Amazon Sets Its Sights on Music Streaming
BY Jill Krasny
The tech titan is reportedly in talks with record labels to launch a new service into the increasingly crowded market.
Amazon is reportedly in discussions with major music labels to launch its own streaming service, in a move that could have serious repercussions for music startups. According to Re/code, the subscription service would be bundled with Amazon Prime, the $79-a-year program that offers free two-day delivery and streaming videos.
Many in the music industry have predicted this move for awhile, but that doesn't make it any less shocking. With so many entrants in the music streaming space, it's hard to imagine how Amazon would stand out. Apple launched iTunes Radio last year, and outside of Beats Music, the curation-focused startup helmed by Jimmy Iovine, Trent Reznor, and Dr. Dre, and Shazam, which has designs on taking over the world, few have proved to be viable businesses yet.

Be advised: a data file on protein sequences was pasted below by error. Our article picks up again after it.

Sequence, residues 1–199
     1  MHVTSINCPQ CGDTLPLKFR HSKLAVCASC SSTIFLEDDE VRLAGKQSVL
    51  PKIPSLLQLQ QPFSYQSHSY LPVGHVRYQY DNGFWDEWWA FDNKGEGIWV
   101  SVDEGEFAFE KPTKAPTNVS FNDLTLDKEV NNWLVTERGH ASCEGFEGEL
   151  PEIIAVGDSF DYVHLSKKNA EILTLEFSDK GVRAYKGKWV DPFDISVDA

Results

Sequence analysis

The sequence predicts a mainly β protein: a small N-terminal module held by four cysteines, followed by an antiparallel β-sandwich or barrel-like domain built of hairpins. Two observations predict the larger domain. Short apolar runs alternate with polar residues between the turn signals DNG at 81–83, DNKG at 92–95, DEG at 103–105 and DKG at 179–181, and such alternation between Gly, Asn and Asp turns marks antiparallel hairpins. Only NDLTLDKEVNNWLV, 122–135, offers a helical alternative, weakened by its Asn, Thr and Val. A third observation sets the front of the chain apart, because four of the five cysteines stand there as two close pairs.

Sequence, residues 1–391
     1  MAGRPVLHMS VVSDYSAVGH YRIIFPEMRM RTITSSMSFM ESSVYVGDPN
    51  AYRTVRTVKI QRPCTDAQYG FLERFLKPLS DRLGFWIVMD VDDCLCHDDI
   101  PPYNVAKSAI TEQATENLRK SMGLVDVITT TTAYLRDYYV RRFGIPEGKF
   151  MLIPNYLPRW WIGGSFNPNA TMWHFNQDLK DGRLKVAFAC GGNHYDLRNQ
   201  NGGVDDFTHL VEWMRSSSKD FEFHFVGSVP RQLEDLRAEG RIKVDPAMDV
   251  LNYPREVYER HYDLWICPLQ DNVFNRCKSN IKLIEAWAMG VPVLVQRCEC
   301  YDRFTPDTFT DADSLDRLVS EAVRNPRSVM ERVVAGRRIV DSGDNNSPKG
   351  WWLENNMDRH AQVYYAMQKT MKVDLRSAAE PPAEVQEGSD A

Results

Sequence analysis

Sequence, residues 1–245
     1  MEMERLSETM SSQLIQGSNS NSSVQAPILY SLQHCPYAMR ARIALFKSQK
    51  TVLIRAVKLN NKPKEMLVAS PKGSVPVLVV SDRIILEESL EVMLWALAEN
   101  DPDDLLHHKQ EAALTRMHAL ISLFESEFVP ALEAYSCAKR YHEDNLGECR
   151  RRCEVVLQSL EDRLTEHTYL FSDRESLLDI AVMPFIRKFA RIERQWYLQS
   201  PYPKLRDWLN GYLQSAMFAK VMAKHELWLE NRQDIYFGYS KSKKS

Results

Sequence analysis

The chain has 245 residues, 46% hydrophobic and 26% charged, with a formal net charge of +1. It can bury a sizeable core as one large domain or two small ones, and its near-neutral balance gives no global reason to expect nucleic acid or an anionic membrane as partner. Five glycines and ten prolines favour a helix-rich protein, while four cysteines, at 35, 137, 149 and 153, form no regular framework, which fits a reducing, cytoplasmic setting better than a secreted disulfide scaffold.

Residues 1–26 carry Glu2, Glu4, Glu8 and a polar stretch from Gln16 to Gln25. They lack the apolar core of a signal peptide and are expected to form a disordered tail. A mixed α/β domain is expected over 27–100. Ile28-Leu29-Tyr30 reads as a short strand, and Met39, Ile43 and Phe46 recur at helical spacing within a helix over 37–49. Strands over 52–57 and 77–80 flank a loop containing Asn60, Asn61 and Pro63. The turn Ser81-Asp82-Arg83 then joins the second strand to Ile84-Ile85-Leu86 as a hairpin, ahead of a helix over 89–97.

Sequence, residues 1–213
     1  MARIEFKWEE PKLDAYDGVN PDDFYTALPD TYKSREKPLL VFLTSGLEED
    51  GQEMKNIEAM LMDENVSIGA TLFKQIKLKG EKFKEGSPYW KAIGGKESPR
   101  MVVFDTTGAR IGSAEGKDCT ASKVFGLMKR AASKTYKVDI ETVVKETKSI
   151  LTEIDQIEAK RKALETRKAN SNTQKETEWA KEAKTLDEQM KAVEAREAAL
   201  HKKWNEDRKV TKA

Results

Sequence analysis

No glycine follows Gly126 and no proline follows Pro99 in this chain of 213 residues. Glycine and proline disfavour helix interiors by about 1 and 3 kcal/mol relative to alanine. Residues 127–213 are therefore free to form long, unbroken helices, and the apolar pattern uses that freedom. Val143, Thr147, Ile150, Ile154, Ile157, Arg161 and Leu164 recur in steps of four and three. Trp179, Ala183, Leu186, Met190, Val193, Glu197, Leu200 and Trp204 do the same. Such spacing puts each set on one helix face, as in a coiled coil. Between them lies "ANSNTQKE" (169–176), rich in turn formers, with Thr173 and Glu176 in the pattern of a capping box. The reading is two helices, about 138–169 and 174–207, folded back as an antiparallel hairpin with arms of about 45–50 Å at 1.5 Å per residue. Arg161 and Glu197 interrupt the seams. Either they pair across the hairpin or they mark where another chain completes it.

Amazon has significant reach, however, with more than 20 million Prime members worldwide, so rolling out a new service could make things even tougher on startups in the space. And Amazon has demonstrated how effective throwing in an extra freebie can be by offering streaming video as part of Amazon Prime. Who's to say free music wouldn't sweeten the deal?
Amazon also has the right talent to pull off the move. As Re/code points out, in October 2012 the company hired Michael Paull, a former Sony music executive, to lead its digital music operations. And around the same time, Drew Denbo, who previously handled business development for Rhapsody and MOG, two other streaming services, joined Amazon. Adam Parness, a licensing exec for Rhapsody, joined the company last year.